The post pandemic economy greets asset allocators with new challenges. The grab for risk has plucked the low hanging fruit and while long term interest rates have moved above the S&P dividend yield, the risk of higher rates carry as much potential for capital loss as it does an offset to risk.
As the growth deficit from 2020 is filled and central bank support adjusts, the real return on most assets is likely to diminish. High valuations that pulled forward strong earnings growth are one reason, but others that include massive private and public debt loads, weak productivity growth, aging demographics, rising inflation and borrowing costs are also important. Generating strong absolute returns in this post pandemic world will be more challenging. Doing so while mitigating downside risks puts a premium on discipline and creativity.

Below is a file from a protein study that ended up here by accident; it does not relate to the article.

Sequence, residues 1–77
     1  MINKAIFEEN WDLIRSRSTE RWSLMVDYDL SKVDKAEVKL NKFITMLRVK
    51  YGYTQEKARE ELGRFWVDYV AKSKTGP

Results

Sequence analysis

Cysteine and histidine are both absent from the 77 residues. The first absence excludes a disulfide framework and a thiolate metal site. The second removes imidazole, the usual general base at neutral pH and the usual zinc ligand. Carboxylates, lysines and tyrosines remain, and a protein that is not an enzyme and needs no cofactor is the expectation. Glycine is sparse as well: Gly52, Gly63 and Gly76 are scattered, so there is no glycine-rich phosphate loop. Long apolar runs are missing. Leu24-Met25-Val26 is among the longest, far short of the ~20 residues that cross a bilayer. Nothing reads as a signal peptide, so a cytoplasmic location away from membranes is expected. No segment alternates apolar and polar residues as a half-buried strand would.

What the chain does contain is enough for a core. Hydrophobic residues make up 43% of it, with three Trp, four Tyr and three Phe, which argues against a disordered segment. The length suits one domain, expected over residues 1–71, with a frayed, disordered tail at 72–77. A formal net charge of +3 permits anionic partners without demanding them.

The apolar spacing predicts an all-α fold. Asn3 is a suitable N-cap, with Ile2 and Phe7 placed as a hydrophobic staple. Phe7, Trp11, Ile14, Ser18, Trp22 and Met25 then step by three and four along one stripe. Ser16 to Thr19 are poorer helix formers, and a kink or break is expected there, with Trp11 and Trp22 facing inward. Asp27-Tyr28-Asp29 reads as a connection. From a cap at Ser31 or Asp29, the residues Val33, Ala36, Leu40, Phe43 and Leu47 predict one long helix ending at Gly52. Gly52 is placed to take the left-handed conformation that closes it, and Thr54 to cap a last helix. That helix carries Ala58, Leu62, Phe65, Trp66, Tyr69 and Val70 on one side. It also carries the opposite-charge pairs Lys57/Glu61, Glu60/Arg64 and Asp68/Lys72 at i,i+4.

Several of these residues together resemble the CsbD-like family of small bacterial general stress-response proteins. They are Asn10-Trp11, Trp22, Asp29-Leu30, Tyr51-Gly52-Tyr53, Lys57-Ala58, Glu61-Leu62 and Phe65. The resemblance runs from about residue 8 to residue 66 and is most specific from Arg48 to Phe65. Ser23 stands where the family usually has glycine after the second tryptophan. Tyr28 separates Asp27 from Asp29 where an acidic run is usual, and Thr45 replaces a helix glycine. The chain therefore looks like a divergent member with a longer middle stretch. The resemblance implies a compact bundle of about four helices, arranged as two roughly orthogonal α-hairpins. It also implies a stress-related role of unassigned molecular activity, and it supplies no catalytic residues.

This article is provided for informational purposes only. It is not intended to provide specific financial, investment, tax, legal, or accounting advice to you, and should not be relied upon in that regard. It is also not predictive of any future market performance. These views are presented at this moment in time and are subject to change without notice. You should not act or rely on this information without conducting proper and complete due diligence.